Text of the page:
Lewis & Clark Law School Co-Hosts International Peacemaking Colloquium
Lewis & Clark Law School co-hosted with the National American Indian Court Judges Association (NAICJA) the international 2020 Peacemaking Colloquium which highlighted Tribal/Indigenious/State dispute resolutions with participants from the United States, Ireland, Columbia, England, and Scotland.
Peacemaking is an Indigenous circle process based on tribal values and customary law that provides a basis for helping resolve conflicts and disputes. Lewis & Clark Law School has hosted several national colloquiums involving peacemakers, scholars, tribal communities and law students over the years. This year’s colloquium, held August 5th-6th, hosted panels of tribal elders and wisdom keepers who shared their indigenous knowledge in a contemporary law context. Dr. Carma Corcoran (Chippewa-Cree), Director of the Indian Law program at Lewis & Clark, was a presenter on several panels and helped plan the event.
“The process of planning the Colloquium was a rich collaboration between Native American/Alaska Native/Hawaiian judges, elders, university professors and directors, lawyers, foundation staff, scholars, practitioners, and students,” stated Dr. Corcoran. “This event was a great experience because we planned and executed it with an Indigenous way of interacting while keeping our personal and group focus on peacekeeping.”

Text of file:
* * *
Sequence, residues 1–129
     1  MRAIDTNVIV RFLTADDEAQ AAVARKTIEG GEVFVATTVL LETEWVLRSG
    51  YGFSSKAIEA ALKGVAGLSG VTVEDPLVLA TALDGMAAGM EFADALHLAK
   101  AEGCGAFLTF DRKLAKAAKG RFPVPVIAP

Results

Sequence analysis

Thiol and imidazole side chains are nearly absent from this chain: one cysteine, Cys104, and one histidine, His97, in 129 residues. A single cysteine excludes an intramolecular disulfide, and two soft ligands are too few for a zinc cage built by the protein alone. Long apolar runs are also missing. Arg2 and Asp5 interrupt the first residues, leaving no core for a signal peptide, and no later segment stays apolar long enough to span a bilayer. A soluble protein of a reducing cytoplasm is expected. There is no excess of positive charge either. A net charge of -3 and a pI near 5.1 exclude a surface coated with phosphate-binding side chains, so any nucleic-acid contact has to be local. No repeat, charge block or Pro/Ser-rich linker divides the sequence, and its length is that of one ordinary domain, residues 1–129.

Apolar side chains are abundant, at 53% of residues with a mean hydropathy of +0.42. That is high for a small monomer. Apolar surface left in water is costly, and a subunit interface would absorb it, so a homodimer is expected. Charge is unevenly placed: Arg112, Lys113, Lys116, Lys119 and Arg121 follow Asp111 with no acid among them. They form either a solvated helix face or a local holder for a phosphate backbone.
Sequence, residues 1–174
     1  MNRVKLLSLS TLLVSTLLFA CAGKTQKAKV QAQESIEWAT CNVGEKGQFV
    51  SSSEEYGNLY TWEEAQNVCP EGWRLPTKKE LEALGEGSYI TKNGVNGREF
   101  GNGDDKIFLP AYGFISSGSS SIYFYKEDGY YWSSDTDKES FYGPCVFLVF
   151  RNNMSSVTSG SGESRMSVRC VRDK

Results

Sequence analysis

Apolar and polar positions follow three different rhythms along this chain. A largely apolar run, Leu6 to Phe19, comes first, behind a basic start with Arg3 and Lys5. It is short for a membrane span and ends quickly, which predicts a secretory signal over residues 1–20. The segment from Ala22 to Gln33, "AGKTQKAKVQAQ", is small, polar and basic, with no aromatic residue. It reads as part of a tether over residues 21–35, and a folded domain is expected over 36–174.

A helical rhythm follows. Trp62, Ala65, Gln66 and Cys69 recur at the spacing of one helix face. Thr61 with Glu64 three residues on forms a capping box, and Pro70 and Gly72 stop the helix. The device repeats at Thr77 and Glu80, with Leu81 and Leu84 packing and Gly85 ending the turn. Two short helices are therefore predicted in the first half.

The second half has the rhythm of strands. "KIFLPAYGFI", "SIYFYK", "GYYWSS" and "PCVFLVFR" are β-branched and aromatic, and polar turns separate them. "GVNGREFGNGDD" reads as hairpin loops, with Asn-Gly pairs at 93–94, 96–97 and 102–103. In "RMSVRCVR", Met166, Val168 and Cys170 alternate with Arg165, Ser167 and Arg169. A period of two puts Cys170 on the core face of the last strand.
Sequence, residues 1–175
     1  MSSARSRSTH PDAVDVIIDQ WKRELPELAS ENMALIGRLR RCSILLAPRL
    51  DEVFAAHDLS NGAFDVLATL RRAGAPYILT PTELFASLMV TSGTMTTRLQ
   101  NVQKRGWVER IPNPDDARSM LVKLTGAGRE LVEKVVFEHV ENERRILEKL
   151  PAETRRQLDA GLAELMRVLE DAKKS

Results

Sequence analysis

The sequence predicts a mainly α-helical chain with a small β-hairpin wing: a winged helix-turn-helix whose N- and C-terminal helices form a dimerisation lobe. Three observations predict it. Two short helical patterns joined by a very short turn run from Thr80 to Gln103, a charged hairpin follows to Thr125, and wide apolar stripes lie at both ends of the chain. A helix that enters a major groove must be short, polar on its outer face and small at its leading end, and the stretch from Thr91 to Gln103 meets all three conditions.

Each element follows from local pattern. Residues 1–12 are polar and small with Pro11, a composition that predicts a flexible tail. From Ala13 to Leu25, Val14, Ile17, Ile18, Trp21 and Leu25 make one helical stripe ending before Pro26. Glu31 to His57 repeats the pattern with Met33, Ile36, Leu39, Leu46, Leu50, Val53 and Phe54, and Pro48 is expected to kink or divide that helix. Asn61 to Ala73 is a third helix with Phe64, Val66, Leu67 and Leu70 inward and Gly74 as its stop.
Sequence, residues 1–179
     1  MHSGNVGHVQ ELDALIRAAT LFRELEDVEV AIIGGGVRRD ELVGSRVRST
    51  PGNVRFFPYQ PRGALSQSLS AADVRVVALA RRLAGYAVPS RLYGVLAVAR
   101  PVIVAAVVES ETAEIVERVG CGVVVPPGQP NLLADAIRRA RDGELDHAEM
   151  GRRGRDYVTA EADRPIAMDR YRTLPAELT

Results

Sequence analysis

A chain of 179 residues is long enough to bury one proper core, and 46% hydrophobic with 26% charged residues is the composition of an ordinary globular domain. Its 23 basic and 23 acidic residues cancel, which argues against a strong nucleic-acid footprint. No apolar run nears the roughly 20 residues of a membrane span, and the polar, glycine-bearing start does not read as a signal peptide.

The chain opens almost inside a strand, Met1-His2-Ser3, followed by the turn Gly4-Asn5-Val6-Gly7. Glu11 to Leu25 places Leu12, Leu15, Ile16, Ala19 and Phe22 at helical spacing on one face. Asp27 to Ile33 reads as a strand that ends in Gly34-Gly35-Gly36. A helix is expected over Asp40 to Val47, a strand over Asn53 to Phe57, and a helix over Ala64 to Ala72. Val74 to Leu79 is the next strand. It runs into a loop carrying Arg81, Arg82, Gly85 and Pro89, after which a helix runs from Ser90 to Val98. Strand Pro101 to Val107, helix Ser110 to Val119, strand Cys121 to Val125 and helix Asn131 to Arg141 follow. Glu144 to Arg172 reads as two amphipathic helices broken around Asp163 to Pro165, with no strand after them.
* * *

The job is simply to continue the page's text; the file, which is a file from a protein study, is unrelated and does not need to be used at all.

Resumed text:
Dr. Corcoran was a panelist on the “Trauma Informed Peace Circles” panel and presented on Gentle Action: Theory and Traditional Ways. Dr. Corcoran was also a panelist on the “University Partnerships - Tribal, National & International” panel. Students from Lewis & Clark Law School and Portland State University also served on the “Warrior Lawyers” panel which viewed and discussed a Native American Rights Fund (NARF) video on Indigenous Peacemaking.
The colloquium had over 300 participants tune in virtually over the two days.